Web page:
My usually bright, feisty, full of life, three year old boy was sullen, withdrawn and sad and it took me the better part of a week to figure out why he suddenly didn’t want to go to preschool any more.
“No one will play with me” he said with tears rolling down his cheeks…
He seems so sad and confused by this strange occurrence, he thought that going to preschool would mean lots of friends and people to play with.
My heart breaks a little for him, but I smile, because I know that going to preschool will mean lots of friends and people to play with, but it will take time to learn how to make friends, how to join in, and how to deal with the disappointment of being told ‘you can’t play’.
Children are not born innately knowing how to play together. Social play is a skill that develops over time and is dependent on a child’s age and stage of development.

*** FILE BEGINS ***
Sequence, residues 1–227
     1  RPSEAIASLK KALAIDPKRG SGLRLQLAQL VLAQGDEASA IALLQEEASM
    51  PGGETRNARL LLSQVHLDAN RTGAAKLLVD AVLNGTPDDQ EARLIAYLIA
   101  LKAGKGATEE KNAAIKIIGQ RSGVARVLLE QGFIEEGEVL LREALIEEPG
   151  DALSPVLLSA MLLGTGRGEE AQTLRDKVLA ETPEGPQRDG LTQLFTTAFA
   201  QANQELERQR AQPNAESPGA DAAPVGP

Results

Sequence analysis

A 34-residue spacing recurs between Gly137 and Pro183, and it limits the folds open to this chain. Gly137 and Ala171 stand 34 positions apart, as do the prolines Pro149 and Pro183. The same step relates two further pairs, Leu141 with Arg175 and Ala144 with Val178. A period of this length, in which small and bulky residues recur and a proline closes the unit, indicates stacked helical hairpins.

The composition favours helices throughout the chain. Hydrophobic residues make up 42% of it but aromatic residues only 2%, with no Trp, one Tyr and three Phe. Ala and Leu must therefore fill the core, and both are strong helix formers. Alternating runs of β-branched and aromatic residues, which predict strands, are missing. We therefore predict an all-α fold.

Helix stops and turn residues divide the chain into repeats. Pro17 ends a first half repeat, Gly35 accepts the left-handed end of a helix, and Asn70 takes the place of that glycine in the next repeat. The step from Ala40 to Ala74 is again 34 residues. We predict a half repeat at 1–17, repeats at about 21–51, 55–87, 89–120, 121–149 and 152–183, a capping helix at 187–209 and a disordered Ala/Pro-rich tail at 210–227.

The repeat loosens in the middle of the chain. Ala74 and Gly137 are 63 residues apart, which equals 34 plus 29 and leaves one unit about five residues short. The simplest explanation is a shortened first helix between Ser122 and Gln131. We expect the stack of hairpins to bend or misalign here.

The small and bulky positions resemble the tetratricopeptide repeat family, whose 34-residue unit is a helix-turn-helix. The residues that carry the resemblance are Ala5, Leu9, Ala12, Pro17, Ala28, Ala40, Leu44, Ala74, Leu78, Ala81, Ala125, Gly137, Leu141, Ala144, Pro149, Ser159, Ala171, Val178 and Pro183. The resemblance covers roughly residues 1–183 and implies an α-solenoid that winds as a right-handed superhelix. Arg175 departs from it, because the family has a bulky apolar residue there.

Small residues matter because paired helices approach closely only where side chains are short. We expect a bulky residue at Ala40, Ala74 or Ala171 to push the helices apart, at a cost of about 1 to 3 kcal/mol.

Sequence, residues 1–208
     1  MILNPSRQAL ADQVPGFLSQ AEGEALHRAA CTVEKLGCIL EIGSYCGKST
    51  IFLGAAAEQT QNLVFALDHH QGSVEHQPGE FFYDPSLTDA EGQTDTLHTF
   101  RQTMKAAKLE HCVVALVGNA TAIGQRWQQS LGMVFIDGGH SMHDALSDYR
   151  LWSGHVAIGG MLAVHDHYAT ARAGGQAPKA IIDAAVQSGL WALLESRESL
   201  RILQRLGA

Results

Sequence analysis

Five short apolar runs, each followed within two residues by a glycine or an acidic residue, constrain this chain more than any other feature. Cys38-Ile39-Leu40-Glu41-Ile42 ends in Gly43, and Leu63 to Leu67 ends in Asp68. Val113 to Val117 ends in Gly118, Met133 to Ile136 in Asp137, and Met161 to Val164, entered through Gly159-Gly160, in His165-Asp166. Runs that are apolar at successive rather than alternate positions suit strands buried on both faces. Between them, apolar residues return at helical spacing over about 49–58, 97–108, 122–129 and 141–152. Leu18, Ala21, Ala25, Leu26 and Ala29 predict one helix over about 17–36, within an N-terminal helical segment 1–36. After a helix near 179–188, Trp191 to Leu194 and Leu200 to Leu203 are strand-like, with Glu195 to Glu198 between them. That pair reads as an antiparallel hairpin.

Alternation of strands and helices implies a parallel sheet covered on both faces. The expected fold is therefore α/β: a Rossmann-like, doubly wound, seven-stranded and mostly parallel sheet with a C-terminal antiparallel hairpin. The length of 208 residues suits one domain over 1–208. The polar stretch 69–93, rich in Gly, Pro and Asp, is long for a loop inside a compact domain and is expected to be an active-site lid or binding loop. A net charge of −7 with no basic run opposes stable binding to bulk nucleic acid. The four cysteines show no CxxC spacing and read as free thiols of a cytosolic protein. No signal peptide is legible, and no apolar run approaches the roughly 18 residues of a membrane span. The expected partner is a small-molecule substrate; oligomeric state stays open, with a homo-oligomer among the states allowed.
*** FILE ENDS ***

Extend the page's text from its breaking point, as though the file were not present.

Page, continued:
Ways to Help Preschoolers Make Friends
1. Don’t expect too much too soon
At around three years of age children are only just taking their very first steps in developing more social play. They most often engage in Parallel Play (see table below). At three to four years of age Associative Play develops and children begin to interact with each other during play, but only sometimes. They are slowly beginning to understand the concept of ‘friendship’ and wanting to play with others.
Expecting children at this stage to play complex, co-operative, social games without adult support is probably expecting too much.